UNITED NATIONS (WOMENSENEWS)–The prosecution of Jean-Pierre Bemba, which resumes Jan. 11 in The Hague, is expected to continue taking testimony about the sexual violence committed by his troops in the Central African Republic between 2002 and 2003.

The trial marks the first major prosecution of rape as a weapon of war and a fulfillment of years of international legal advocacy for female war victims.

Three of the four witnesses who testified in Bemba’s trial between Nov. 22 and Dec. 6 recounted rapes by Bemba’s Congolese troops.

"Witness 38" described watching a young girl get raped in front of her mother. "Witness 22" described getting gang raped by three soldiers while her family was held captive in another room, according to testimony posted on the monitoring site BembaTrial.org.

But despite the focus on rape, Brigid Inder is worried about aspects of the somewhat showcase trial.

Inder is the executive director of Women’s Initiatives for Gender Justice, a nongovernmental group based in The Hague that looks out for women’s interests in trials at the International Criminal Court, known as the ICC.

Two Troubling Stats

So far, her group is troubled by two trial statistics.

No. 1: Forty percent of the charges of sexual violence were dropped before the trial commenced at the end of November because the judge said they were redundant with existing charges.

No. 2: Only 39 percent of the 1,051 victims whose testimonies have been approved in the Bemba trial are female.

"It doesn’t represent a lack of interest by women to participate or to seek justice, nor a diminished desire for accountability," Inder told Women’s eNews in an interview in New York. "The ICC has overlooked the importance of developing good relationships with women leaders in conflict communities."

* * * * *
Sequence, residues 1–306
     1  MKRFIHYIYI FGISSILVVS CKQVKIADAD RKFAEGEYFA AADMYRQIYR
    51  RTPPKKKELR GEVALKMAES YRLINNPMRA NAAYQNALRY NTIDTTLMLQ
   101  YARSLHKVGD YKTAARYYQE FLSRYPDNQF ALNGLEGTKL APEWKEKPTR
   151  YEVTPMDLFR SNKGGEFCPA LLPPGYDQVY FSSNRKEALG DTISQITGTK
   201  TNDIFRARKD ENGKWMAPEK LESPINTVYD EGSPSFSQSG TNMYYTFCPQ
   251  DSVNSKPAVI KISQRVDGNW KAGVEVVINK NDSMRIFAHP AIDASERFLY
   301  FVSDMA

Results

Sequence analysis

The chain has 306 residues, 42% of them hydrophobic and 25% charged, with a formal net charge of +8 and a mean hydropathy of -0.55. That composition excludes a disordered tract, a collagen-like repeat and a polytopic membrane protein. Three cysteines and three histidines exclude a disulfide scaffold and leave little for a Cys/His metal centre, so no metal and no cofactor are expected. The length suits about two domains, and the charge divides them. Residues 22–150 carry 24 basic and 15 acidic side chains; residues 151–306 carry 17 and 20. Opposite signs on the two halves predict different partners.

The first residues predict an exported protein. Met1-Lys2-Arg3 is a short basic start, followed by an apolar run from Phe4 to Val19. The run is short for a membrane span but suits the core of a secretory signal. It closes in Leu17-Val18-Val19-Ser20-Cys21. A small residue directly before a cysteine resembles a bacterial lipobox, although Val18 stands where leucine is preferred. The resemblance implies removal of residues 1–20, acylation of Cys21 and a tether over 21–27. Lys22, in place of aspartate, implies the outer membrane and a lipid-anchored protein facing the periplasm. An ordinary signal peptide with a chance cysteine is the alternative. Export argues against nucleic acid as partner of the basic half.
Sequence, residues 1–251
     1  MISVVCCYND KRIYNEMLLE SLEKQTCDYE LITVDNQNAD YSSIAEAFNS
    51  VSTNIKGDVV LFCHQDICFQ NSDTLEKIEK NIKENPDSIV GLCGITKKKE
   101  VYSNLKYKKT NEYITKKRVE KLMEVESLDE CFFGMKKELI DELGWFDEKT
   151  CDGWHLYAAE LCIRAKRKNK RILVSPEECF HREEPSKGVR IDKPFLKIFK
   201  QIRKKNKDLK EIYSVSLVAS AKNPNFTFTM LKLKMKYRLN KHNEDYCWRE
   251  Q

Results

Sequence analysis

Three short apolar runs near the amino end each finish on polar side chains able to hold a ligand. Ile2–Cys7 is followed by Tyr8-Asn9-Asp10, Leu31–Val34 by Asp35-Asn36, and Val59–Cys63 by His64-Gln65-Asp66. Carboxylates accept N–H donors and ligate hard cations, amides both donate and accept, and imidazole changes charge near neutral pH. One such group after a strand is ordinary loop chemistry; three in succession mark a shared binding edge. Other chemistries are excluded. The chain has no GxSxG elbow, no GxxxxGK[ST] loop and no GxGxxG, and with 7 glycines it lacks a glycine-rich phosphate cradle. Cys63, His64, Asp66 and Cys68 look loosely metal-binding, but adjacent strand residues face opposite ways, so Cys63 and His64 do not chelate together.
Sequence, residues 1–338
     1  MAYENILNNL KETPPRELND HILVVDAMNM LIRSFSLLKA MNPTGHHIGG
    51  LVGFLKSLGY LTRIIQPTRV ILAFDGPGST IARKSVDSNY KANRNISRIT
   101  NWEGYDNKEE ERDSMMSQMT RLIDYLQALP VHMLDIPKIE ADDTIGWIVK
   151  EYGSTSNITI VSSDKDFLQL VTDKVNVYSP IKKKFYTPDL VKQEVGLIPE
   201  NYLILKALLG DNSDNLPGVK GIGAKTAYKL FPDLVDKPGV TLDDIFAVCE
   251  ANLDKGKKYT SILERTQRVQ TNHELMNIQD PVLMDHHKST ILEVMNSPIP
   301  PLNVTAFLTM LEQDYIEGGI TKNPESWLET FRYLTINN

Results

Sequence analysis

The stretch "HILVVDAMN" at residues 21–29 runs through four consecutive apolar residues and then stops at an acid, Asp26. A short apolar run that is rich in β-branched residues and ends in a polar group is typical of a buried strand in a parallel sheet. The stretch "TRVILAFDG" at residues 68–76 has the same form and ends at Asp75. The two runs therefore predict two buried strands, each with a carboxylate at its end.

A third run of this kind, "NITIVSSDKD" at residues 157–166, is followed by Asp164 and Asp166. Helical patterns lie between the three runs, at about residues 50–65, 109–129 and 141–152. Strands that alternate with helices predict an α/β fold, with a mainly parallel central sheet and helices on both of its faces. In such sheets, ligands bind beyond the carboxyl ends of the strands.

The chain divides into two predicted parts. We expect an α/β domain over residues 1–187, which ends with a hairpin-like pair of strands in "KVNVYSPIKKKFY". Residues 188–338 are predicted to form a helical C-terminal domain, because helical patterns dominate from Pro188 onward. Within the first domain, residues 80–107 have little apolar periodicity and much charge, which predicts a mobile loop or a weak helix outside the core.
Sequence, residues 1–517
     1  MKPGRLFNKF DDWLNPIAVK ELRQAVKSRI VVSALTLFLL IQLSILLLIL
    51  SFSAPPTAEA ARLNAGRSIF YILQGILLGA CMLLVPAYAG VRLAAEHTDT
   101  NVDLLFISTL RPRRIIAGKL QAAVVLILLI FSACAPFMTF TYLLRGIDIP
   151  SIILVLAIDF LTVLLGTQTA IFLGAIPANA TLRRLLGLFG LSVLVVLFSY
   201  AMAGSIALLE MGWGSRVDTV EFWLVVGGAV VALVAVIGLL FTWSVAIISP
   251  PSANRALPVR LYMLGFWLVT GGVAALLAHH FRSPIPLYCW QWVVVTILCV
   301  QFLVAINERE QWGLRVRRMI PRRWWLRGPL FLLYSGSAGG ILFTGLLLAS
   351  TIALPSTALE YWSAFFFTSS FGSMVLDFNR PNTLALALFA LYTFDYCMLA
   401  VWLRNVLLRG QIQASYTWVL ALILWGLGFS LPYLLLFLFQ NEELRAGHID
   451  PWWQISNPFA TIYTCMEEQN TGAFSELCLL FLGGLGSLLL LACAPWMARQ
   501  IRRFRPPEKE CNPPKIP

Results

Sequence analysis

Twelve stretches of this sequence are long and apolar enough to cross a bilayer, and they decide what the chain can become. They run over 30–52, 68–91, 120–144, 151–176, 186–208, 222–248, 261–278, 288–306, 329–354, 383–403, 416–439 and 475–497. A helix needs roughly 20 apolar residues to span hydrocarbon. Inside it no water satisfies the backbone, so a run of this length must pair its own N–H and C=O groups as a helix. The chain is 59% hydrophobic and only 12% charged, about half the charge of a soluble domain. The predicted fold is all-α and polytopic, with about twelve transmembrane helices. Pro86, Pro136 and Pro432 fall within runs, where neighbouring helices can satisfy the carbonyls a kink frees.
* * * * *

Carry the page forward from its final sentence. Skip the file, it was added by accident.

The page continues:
The International Criminal Court’s public affairs office didn’t reply to e-mail requests for comment.

Arrested in May 2008, Bemba is being charged with war crimes for allowing his troops to murder, pillage and rape in the Central African Republic between 2002 and 2003.

Bemba, vice president of the Democratic Republic of Congo from 2003 to 2006 and leader of the opposition group Movement for the Liberation of Congo, was called in with his rebel group to neighboring Central African Republic by its president, Ange-Felix Patasse, to fight off an attempted coup.

Dropped Charges Minimize Trauma

Mariana Goetz, International Criminal Court program advisor of REDRESS Trust, a London-based organization that aids torture survivors, is also closely watching the trial.

She says the dropped charges of sexual violence and the exclusion of torture charges are minimizing the trauma suffered by Bemba’s alleged victims.

Sexual violence victims from the Central African Republic were frequently raped collectively in public spaces and in front of friends and family as a terror tactic, Goetz said.

Court appearances can be dangerous for victims and witnesses. For that reason, only three victims have appeared before the International Criminal Court since its establishment in 2002.

More than 600 victim applications are still pending in the Bemba case. Approval gives victims the right to participate through written testimony and to potentially receive reparations. It does not require a court appearance.

Two lawyers from the Central African Republic are representing the 1,051 victims, who are categorized by geographic location but not by the nature of human rights abuses, says Inder.

Amy Lieberman is a correspondent at the United Nations Secretariat.

For more information:

The Trial of Jean-Pierre Bemba Gombo, Open Society Justice Initiative:

Women’s Initiatives for Gender Justice: